Riz Ahmed: I thinks it feels like a no-brainer. It feels natural and right that any stories you tell these days are as diverse as the audiences are for them. If you tell any kind of story today and you are telling it to the world, whether they’re streaming it online at home or going to theaters. It just makes sense our stories are diverse as our audience is in the global age.

You stated earlier that you didn’t go back to re-watch the previous Star Wars films, but having seen them at one point, which ones of those was your favorite?

Riz Ahmed: I really like “Empire Strikes Back” and I always am a fan of “Clone Wars.” I think “Empire Strikes Back” has an edge to it again. I think we take it even one step further. And that is something that will exhume me. I think it is something that is quite bold in these movies.

Between the “The Night Of” and “Jason Bourne” and this movie, you’ve had a huge 2016 year. You have been working for nearly 10 years in this business. What’s changed in the last two years? Was it a new agent? Was it a new outlook of life and what you wanted to do as an actor? Or was it just having one role that just made everything else happen?

Riz Ahmed: I started doing handstand push-ups and that changed everything for me. (laughter) I am joking. I think that sometimes you just keep plugging away something for long enough then you hit a lucky streak. I was always told that work means work. I guess if I knew the answer to that I think a lot of actors would be willing to pay for that information. Ultimateley I don’t think you can control the tradjectory of your own career. All you can do is try to work hard in any given job you are given the opportunity with. Then after that it is sort of out of your hands.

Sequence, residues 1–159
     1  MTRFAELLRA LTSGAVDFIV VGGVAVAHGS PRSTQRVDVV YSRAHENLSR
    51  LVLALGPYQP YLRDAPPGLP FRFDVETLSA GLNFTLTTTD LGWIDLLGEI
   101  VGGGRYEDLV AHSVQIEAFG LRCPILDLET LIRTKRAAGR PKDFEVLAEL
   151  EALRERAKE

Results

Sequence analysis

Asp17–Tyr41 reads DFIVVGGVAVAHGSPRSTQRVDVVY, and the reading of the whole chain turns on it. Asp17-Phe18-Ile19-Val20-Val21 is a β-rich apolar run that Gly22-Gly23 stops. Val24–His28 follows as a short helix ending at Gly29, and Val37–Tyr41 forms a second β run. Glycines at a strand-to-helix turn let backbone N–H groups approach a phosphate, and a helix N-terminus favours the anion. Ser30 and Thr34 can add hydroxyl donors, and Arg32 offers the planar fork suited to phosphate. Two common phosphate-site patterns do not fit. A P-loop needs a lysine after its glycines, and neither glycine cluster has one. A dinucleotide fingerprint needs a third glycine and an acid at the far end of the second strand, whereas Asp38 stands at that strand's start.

It wasn’t a given the people that would watch “The Night Of” and they were received so well. We started shooting in 2012 and it took years for us to get to the point of filming it even with the passing of James Gandolfini. So, it feels kind of weird even that it went down as well as it did and it just easily as things could have gone another way. Maybe no one would see that or we didn’t make the series or maybe Gareth decided I was insane and didn’t want to work with someone who emailed him 12 times after a three minute conversation. So, it is luck as much as anything I think.

When you think about obviously being a part of a Star Wars franchise and shooting this movie and going back and forth to Skywalker Ranch, was there anything you wanted to take as memorabilia? Was it part of your outfit? Was it something from the set?

Riz Ahmed: I think they probably already knew the temptation to steal from a Star Wars stage was very real so they bought us off with really nice memorabilia and gifts to show us that we were part of this special experience. So, yeah, they kind apparently bribed us to not steal from them.

Have you collected all of your action figures?

Riz Ahmed: I got a bunch of them. I don’t have all of them. No, I don’t have all of them. Mainly because I am traveling so much, I really don’t have that much room in my suitcase. I think I really want to get the Deluxe Set.